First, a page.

By Kanta Ishida / Yomiuri Shimbun Senior SpecialistThe manga this week
Yomawari Neko (Night watch cat)
By Kaoru Fukaya (Kadokawa)
Philosopher Kiyokazu Washida said listening intently to someone is not just a passive activity. For a person who has something to share, it is imperative that their words are acknowledged and taken seriously. This allows them to relieve their anxiety or find clues to solve their problems — even if the listener can’t provide any precise answers.
Heizo Endo, the protagonist of this week’s manga, is a stray cat. As a yomawari neko (night watch cat), he patrols the streets every night, sniffing out people with a scent of tears and then snuggling by their side. Young people with no money or a job, for example, or a bullied girl; a mother who is worried about child-rearing and a boy who is fighting an illness. But Heizo is only a cat — all he can do is to listen to their stories. His signature phrases are “I’m smiling,” and “I’ll keep a lookout for a good partner for you.”
Each story has only eight panels. They are all gritty, true-to-life tales that provide no eye-opening solutions, yet each one brings me to tears. While thinking about why this might be, I stumbled across Washida’s aforementioned observation.
Previous published works by “Yomawari Neko” creator Kaoru Fukaya include “Eden no Tohoku” (Northeast of Eden). She drew the first episode of “Yomawari Neko” with a felt-tipped pen while visiting a family member in hospital, hoping it would amuse them. In October 2015, she started to post these illustrations on Twitter every day, and her work gradually spread via word of mouth.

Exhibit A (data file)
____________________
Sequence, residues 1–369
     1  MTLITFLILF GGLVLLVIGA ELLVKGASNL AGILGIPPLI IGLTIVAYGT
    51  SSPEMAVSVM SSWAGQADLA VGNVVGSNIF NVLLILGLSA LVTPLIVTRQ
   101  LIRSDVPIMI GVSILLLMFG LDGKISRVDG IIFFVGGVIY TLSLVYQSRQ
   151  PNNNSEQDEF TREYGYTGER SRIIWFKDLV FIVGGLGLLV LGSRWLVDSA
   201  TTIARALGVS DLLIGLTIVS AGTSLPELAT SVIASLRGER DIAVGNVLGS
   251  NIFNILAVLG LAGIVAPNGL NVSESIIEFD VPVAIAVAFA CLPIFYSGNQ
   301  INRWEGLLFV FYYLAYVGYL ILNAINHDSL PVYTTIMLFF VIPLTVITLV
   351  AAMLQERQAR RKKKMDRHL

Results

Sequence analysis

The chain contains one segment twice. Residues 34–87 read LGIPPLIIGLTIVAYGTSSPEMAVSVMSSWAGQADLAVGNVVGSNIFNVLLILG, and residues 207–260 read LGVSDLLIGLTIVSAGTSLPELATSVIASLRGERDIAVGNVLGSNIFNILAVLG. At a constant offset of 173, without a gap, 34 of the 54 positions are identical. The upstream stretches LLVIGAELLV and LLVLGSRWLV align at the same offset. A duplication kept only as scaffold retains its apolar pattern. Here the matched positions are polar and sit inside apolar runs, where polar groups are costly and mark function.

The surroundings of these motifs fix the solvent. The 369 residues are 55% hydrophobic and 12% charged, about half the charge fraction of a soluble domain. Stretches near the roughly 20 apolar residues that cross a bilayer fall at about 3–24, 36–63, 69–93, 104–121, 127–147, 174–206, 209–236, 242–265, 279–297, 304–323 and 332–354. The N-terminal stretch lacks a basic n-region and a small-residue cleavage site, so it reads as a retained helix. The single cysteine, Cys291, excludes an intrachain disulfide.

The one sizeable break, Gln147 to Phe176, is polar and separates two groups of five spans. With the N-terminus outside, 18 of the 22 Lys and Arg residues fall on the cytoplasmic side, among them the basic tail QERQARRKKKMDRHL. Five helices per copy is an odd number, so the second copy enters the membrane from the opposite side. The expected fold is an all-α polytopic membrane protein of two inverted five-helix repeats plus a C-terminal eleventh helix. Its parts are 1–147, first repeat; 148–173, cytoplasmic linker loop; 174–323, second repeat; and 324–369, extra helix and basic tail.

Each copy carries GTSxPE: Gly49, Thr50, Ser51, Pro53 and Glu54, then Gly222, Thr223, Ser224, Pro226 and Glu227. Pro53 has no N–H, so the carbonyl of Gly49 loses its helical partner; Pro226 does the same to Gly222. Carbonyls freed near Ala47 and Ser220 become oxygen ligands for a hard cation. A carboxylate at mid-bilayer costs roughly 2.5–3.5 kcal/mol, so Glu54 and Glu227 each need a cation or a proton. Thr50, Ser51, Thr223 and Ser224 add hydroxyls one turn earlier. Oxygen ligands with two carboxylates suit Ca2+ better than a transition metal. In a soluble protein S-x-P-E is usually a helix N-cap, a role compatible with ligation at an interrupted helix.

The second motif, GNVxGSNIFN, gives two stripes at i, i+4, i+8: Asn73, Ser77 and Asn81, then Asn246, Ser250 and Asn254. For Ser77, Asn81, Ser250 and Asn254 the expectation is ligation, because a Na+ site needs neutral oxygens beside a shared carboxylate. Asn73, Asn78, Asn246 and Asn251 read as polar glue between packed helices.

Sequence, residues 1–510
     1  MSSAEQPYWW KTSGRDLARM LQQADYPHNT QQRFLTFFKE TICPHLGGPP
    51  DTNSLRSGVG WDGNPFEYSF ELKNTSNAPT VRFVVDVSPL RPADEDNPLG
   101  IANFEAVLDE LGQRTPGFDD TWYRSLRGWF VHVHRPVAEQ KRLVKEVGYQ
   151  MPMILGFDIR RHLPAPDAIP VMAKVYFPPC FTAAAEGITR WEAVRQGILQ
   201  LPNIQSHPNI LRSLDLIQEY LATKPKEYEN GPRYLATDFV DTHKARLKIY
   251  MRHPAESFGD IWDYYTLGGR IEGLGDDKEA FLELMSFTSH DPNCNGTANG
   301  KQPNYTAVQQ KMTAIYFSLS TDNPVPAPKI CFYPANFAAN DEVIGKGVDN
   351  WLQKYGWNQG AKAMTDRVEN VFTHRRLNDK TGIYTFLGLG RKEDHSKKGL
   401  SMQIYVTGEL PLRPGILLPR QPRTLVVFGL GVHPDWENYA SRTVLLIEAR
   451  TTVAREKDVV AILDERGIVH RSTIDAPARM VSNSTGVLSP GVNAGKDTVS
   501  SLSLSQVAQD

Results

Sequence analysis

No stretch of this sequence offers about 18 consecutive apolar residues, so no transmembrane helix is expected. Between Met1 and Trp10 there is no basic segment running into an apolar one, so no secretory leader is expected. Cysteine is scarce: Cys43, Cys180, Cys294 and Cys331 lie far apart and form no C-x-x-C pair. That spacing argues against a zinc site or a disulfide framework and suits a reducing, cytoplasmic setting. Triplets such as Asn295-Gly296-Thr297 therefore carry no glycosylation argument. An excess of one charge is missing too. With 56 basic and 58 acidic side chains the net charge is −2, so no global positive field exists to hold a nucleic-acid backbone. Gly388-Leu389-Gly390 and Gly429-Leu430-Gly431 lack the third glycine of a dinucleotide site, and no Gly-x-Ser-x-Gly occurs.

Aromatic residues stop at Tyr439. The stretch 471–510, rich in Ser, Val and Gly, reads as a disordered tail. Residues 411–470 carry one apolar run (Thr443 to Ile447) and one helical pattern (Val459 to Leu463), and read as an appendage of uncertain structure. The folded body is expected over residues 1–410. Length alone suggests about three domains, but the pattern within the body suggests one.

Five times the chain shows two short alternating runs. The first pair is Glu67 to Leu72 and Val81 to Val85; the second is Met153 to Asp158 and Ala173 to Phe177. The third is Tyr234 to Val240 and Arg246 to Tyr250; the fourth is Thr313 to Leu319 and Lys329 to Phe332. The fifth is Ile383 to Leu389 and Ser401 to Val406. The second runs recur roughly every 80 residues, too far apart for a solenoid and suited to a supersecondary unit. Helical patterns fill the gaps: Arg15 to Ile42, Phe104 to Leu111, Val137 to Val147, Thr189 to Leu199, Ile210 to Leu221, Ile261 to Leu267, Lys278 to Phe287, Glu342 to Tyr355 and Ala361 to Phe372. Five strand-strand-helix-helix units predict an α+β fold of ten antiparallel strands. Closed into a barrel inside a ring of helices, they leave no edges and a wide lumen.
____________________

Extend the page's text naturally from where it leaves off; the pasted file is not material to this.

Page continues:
One day, renowned copywriter Shigesato Itoi retweeted one of her illustrations and all of a sudden her popularity skyrocketed. “I started drawing this manga because I wanted to, not because it was work,” said Fukaya. That such a spontaneously created manga could touch the hearts of so many people is surely testament to the power of the internet.
Although fully aware of the danger of linking this fictional work to reality, I cannot help but recall a brutal incident in Sagamihara, Kanagawa Prefecture, in which many mentally challenged people living in peace were murdered or wounded in July 2016.
“Even if you don’t do anything or feel as if you are a nobody, remain just the way you are, because you are an encouragement to someone.” This is the clear message of this manga. Although it might sound naive when said casually, it becomes convincingly true when spoken by Heizo.
The cover image shown above is from the first print version of “Yomawari Neko.” Kodansha will publish this manga in two volumes on March 23. I am sure there are many more people out there who need Heizo to patrol the streets, while calling out “Nakuko wa inega” (Is anyone around here crying?).